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Bohemus, Abraham Judeus

(d. 1533), tax collector and financial adviser to Polish kings Aleksander Jagiellończyk and Zygmunt Stary. Known as Abraham of Prague, Abraham Judeus Bohemus moved from Bohemia to Poland at the end of fifteenth century. There he lived in the Kazimierz district of Kraków before settling in Lwów. Along with the Fiszel family and Ozer from Opoczno, Bohemus was one of the chief financiers of the Polish court.

Abraham offered loans to the Hungarian and Czech King Władysław II Jagiellon, as well as to Holy Roman Emperor Maximilian I. In 1512, with their support, he was designated by King Zygmunt the Old to be the general tax collector, empowered to collect the Jewish poll tax from communities in Great Poland and Mazovia. From 1514, he also collected the Jewish poll tax in Little Poland, performing this function until 1518.

Abraham’s duties caused him to come into conflict with the Kraków provincial voivod and the Jewish communities of that city and Lwów. He suffered financially and was placed under a ban by the Jewish community; consequently, he sought the protection of Sigismund the Old. In 1518, after the intercession of Emperor Maximilian, Sigismund removed Abraham from the jurisdiction of the kehilot (Jewish community councils); under threat of fines, rabbis were forbidden to put him under a ban. The king also dismissed all accusations against Abraham, freed him from taxes paid by all other Jews, and allowed him to live in any city within the kingdom. In 1533, Zygmunt removed Abraham from the jurisdiction of the royal officials and placed him under the jurisdiction of Queen Bona.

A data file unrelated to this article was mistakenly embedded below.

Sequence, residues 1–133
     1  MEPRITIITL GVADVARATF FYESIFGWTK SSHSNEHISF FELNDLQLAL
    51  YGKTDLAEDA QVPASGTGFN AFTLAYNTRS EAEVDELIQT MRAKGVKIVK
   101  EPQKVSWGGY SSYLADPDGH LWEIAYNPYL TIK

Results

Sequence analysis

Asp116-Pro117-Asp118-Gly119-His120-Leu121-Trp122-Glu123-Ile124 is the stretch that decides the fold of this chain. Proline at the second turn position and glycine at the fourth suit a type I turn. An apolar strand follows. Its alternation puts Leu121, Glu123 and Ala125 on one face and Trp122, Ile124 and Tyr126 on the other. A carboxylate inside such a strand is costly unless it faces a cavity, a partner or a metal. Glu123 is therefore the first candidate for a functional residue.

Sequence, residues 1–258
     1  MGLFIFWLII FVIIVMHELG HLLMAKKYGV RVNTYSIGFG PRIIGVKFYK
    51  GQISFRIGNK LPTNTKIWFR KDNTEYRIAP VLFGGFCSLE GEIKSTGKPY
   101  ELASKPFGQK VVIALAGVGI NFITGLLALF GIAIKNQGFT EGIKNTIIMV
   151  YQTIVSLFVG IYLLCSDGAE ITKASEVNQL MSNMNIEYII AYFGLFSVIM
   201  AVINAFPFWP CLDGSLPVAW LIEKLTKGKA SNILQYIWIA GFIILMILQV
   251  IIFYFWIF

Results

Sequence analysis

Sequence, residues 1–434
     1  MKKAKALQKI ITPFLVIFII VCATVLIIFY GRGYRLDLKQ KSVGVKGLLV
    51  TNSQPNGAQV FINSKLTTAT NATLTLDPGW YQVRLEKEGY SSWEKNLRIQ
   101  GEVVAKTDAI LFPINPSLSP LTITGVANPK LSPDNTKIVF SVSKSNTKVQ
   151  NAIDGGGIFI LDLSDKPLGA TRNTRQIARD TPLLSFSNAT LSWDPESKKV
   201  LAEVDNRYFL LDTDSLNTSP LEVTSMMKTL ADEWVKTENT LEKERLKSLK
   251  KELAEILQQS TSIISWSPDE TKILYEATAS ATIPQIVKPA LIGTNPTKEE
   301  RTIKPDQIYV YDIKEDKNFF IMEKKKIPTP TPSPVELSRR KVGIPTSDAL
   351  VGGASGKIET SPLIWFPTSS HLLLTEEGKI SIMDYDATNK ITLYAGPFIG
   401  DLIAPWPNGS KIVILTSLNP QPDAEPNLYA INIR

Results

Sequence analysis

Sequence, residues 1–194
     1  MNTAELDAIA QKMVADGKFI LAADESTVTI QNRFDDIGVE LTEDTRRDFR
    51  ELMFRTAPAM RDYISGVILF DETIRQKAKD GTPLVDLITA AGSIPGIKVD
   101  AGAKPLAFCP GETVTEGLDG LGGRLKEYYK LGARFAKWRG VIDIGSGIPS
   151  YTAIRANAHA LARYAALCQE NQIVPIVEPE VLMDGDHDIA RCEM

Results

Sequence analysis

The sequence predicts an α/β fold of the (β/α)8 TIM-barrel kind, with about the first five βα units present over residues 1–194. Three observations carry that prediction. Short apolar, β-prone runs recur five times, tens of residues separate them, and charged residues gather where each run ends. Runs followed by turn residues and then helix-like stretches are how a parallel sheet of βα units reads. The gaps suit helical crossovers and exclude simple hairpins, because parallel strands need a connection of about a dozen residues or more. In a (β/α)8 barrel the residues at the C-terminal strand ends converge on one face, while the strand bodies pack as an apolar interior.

Abraham was also involved in commerce; from 1514 he held a trading post in Lwów, where he owned a house in the Jewish quarter, given to him by the king. In 1518, the king granted him the right of unlimited trade throughout the kingdom. Bohemus spent his final years in Lwów. His estate was passed to his son Mosheh.

Suggested Reading

Maurycy Horn, “Jewish Jurisdiction’s Dependence on Royal Power in Poland and Lithuania up to 1548,” Acta Poloniae historica 76 (1997): 5–17; Jan Ptaśnik, “Abraham Judaeus Bohemus,” in Obrazki z przeszłości Krakowa, vol. 2, pp. 38–48 (Kraków, 1903); Adam Teller, “The Laicization of Early Modern Jewish Society: The Development of the Polish Communal Rabbinate in the Sixteenth Century,” in Schöpferische Momente des europäischen Judentums in der frühen Neuzeit, ed. Michael Graetz, pp. 333–349 (Heidelberg, 2000).



Translated from Polish by Anna Grojec